It is important to acknowledge that there are legitimate concerns about Greece’s public finances in light of the high level of government debt and deficits, the repeated deception practiced by officials in reporting on the country’s public finances, and successive authorities’ broken reform promises. All of these issues pose serious impediments for regaining market confidence, but it is the latter that is the most relevant at this juncture. Oversight by the European Commission as well as continuous scrutiny by Eurostat is expected to deal with the immediate issue of the statistical deficiencies, although we will follow their monthly assessments closely.
 
Greece’s Stability and Growth Programme: Key Elements
Overall, we believe that the Greek government's medium-term fiscal plan is relatively well designed. The Stability and Growth Programme announced last month aims to partly overcome the country’s formidable and longstanding fiscal problems, such as endemic tax evasion and lax enforcement.
 
An initial effort was made to compress the public sector wage bill by cutting allowances and removing their favourable tax treatment, and the Greek authorities have acquiesced to European Commission demands to do even more on the wage front. Just as importantly, the government has obtained unprecedented cross-party support (excluding the far left) for the measures, and has committed to making additional adjustments as needed to compensate for revenue shortfalls.
 
But the spread between nominal GDP growth and interest rates will work against the debt dynamics in the next couple of years, even if the government is able to implement its ambitious plans. The planned higher revenue generation and cuts to public sector wages will also probably have a negative impact on economic growth to a degree that may have been underestimated by the government.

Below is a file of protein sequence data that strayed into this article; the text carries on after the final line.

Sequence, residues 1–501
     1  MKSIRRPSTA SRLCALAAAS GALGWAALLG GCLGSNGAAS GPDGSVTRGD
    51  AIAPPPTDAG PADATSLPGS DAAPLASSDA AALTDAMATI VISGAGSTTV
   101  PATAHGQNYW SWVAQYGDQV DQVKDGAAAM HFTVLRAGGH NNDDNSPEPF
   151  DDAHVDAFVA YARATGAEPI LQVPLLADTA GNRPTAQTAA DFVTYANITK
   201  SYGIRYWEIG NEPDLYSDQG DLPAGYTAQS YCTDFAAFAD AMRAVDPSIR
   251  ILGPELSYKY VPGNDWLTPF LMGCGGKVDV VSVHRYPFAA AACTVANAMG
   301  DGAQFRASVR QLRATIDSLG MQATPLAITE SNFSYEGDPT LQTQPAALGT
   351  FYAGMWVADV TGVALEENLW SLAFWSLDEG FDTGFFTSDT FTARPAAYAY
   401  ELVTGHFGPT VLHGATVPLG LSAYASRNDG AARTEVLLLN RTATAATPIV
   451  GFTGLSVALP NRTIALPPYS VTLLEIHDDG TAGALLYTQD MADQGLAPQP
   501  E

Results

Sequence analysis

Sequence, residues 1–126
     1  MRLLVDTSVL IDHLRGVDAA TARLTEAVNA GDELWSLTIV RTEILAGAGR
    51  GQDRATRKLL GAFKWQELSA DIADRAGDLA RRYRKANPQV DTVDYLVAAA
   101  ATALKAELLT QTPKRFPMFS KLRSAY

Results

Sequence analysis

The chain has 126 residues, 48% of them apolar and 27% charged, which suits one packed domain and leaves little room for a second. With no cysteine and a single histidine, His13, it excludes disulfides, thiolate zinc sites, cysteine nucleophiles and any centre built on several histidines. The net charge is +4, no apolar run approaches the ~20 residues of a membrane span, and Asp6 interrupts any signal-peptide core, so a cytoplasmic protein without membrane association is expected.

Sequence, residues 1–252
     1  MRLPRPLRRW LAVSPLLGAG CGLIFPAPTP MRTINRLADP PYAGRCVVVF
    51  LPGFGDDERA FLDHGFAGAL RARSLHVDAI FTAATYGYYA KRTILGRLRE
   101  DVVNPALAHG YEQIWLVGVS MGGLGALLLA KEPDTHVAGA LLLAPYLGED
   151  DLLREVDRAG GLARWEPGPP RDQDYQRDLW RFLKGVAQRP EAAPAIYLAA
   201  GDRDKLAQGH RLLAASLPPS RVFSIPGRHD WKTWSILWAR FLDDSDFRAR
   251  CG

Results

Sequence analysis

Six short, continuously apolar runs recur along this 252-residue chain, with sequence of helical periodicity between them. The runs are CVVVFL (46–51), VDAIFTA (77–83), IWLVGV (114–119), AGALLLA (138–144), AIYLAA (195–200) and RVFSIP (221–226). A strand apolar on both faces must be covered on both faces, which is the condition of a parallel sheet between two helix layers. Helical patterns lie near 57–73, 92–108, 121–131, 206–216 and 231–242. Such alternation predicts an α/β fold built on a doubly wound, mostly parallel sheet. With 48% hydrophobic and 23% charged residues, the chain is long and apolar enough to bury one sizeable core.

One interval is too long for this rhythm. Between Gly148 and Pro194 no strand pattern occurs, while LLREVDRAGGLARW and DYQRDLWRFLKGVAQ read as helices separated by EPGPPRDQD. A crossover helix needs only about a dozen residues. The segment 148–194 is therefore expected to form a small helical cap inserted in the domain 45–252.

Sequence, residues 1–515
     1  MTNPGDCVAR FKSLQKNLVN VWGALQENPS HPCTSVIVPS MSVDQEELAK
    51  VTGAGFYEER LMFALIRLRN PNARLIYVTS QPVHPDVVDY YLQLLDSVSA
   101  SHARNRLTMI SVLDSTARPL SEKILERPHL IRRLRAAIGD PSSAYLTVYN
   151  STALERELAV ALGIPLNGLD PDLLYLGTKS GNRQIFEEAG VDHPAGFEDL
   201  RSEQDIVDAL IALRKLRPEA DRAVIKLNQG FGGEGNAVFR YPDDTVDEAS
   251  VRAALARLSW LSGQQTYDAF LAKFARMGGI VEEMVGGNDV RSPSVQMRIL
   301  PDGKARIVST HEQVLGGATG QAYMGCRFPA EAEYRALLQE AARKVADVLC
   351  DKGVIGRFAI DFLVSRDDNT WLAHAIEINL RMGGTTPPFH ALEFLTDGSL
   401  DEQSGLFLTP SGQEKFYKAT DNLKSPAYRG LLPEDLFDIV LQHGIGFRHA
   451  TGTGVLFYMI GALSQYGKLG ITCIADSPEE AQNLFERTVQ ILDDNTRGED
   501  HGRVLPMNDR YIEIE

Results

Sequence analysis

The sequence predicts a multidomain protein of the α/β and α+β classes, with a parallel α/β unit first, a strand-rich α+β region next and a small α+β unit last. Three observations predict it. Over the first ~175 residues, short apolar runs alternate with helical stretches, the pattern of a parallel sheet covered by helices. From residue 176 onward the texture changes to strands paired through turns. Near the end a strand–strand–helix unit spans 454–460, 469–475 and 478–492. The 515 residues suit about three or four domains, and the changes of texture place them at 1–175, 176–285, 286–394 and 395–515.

Greece needs to issue a very large amount of debt – roughly €40 billion – to cover upcoming amortizations as well as its budget deficit in the first half of 2010. Around a quarter of this amount has already been raised.
 
It is important to put this amount into context and point out that it is a tiny fraction of the amount of debt raised on a monthly basis by European countries and institutions, although it is large relative to Greece’s own economy. As mentioned previously, however, investors are currently more sceptical about the country’s short-term fiscal situation and are requiring the government to pay relatively high interest rates as a consequence.
  

How Can Greece Win Back Investors’ Trust?

Faced with situations where markets overshoot, governments also need to overshoot in terms of ambition and execution. Should Greece follow through on the consolidation plan that it solemnly announced last month, it may be able to create a virtuous dynamic. The more rigorously it complies with the ambitious program, the more quickly market conditions will return to a semblance of normality, although not to the buoyancy that characterized them prior to the crisis.
 
There is an enormous amount of legislation that the Greek government has promised to enact in the first quarter of 2010. When and if the key pieces of legislation, such as tax and pension reform, have been passed into law, they will provide a meaningful signal as to how far-reaching structural reform is likely to be and, ultimately, where the Greek government ratings will end up.
 
Of course, the previous absence of political will to undertake and then maintain reform means that there is no certainty that the Greek authorities will be able to sustain the effort on this occasion. However, they have more incentive to do so at this point than at any time since the late 1980s.
 
Overall, we believe that the long-term success of the Greek fiscal consolidation effort – and ultimately how Greece is likely to be rated in five years’ time – depends on three factors:
 
  • credible implementation of the programme;
 
  • overcoming the electorate's longstanding resistance to structural economic reform; and
 
  • regaining the trust of Greece’s European partners and EU institutions and, crucially, the financial markets.

  

About the Author

This article is an abridged version of "Spain, Portugal & Greece: Confusion or Contagion?", a special comment by Moody's Investors Service released in February 2010.